Researchers have developed a new method to convert leftover sludge to biogas, lowering waste treatment costs and helping the environment
A Washington State University research team has tested a pre-treatment technology in waste management systems, adding an extra step to typical treatments and using oxygen-containing high-pressure steam to break down sewage sludge. It was found that they were able to convert more than 85% of the organic material to biogas, which can be used to produce electricity or upgraded to renewable natural gas (RNG) for the natural gas grid or for local use.
The work, funded by the U.S. Department of Energy, was published in the journal Waste Management, under the title ‘Improved valorisation of sewage sludge in the circular economy by anaerobic digestion: Impact of an innovative pre-treatment technology.’
The team’s research into the pre-treatment process
The researchers treated the sludge at a high temperature and pressure, with oxygen added before the anaerobic digestion process. The oxygen acts as a catalyst under high pressure, subsequently breaking down the polymers in the material.
The pre-treatment process has been studied for several years, previously being used to break down straw and woody materials. The team was not sure whether the process would work to produce biogas from the sewage sludge, due to different compositions such as lipids and proteins. However, they were positively surprised by the outcome.
Now, the team is working with Clean-Vantage, a Richland-based clean technology start-up company active in the pre-treatment area, and the Pacific Northwest National Laboratory (PNNL), which is doing a techno-economic analysis of the new process.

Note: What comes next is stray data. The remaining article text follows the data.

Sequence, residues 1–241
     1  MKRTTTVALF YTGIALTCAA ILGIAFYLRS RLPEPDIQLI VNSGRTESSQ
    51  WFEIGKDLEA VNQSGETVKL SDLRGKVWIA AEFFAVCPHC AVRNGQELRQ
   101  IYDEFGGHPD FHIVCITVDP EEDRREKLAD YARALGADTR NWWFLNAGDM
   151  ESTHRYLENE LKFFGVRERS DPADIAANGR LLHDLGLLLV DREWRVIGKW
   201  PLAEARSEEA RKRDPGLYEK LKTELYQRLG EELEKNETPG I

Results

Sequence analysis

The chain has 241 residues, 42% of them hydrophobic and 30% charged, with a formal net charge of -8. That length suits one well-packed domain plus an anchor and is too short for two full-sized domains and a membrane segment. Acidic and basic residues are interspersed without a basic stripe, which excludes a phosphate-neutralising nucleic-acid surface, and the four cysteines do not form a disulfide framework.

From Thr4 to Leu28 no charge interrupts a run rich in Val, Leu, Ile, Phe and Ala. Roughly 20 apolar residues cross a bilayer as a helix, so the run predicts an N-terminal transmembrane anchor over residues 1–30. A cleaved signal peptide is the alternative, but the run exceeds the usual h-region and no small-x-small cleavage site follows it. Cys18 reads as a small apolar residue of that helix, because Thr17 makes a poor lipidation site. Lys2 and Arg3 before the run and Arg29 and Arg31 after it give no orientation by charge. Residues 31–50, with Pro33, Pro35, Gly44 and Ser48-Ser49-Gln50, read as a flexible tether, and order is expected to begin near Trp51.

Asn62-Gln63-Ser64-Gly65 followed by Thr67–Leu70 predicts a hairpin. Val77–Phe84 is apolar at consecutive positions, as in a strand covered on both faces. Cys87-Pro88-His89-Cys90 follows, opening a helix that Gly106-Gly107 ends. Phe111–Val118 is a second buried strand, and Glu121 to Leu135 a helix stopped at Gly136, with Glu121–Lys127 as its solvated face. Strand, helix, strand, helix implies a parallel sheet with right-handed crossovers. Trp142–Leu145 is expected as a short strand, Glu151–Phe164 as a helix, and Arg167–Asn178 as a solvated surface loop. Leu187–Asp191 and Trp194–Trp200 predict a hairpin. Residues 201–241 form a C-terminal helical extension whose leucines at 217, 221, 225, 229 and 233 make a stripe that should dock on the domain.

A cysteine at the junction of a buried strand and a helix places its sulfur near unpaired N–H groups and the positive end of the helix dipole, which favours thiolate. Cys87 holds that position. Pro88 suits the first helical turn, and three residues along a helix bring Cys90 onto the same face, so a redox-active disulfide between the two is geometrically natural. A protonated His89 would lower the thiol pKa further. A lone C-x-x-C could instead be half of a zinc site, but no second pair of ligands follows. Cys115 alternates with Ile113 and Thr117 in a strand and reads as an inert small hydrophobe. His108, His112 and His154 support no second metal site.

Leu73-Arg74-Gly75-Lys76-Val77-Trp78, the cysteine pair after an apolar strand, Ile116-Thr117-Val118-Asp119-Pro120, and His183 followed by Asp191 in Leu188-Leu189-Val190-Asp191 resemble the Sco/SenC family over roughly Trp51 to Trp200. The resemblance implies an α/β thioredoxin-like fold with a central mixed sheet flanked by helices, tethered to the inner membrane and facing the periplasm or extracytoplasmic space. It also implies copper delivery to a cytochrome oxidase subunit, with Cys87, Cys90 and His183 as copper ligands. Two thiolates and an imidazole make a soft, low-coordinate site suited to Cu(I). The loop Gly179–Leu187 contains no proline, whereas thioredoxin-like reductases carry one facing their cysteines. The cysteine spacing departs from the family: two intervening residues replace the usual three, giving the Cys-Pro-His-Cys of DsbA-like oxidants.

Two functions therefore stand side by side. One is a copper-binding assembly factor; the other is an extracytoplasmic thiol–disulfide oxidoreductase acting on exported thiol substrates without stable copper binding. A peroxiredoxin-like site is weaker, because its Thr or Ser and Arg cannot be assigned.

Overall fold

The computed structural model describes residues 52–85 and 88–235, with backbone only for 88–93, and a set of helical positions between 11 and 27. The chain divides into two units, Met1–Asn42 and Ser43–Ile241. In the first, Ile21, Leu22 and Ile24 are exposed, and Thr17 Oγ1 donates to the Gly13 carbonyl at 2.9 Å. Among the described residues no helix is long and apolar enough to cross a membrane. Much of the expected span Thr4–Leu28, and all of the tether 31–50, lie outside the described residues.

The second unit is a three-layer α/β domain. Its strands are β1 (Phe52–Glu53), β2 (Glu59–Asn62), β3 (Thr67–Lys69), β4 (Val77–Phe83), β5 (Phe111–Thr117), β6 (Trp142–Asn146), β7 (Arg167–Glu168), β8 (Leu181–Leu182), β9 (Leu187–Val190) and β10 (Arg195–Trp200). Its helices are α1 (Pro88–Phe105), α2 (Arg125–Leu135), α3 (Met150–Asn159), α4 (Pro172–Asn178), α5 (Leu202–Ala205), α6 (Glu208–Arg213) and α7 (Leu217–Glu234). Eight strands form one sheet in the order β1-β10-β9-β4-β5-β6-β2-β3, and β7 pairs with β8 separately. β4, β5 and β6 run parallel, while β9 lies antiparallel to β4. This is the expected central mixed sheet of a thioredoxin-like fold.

Advantages of adding a new pre-treatment step
Adding the new pre-treatment step improves the anaerobic conversion of sewage sludge at the wastewater treatment facility from the current less-than-50% conversion rate. The new method also produces 98% more methane than the current practice, which can be used as biogas.
Birgitte Ahring, professor in the Gene and Linda Voiland School of Chemical Engineering and Bioengineering and leader of the study, stated: “It was shown to be extremely efficient, and that’s very exciting. This can be applicable and something we could begin to explore in Washington state. Not wasting waste, but using its potential instead, has major advantages.”
In the US currently, approximately half of the wastewater treatment plants use anaerobic digestions. However, the process in which microbes break down the waste is inefficient, as the leftover sludge generally ends up in landfills. Large amounts of electricity are also used to clean up municipal wastewater, with wastewater treatment facilities often the largest users of electricity in a small community.
Small communities can particularly benefit from the technology, as many are committed to reducing their waste and climate impact.
“If they could make their own electricity, or for some of the large plants, make renewable biogas and add it to the natural gas grid, then they can reduce the use of fossil fuels. Here, we are beginning to move into the idea of the circular economy,” said Ahring, who is also a faculty member in the Bioproducts, Sciences, and Engineering Laboratory at WSU Tri-cities.
“This is not a very high-tech solution. It’s actually a solution that can be useful even at small scale. The efficiency has to be high or else you cannot warrant adding the extra costs to the process.”
Converting the biogas for future uses
Now, the researchers are scaling up the work in their pilot facility located at WSU Tri-cities to further demonstrate the process. The team is studying how to efficiently convert biogas to more valuable renewable natural gas by a new bioprocess.
Although the biogas created can be used to produce electricity, producing renewable natural gas could allow rural communities to generate local transportation fuel for fuelling their municipal vehicles.